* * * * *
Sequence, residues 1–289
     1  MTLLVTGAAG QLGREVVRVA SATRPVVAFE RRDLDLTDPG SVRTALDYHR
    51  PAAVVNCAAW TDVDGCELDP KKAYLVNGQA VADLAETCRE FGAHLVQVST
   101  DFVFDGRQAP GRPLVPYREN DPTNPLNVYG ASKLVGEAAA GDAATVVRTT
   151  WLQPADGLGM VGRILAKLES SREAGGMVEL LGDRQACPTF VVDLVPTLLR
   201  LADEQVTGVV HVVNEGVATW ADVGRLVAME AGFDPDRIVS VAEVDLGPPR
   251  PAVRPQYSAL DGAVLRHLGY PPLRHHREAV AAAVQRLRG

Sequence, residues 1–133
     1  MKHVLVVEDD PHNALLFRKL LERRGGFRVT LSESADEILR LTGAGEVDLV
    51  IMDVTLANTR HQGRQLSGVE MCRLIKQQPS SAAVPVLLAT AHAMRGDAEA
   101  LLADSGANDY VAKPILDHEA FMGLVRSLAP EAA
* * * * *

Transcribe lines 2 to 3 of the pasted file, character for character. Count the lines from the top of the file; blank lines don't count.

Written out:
     1  MTLLVTGAAG QLGREVVRVA SATRPVVAFE RRDLDLTDPG SVRTALDYHR
    51  PAAVVNCAAW TDVDGCELDP KKAYLVNGQA VADLAETCRE FGAHLVQVST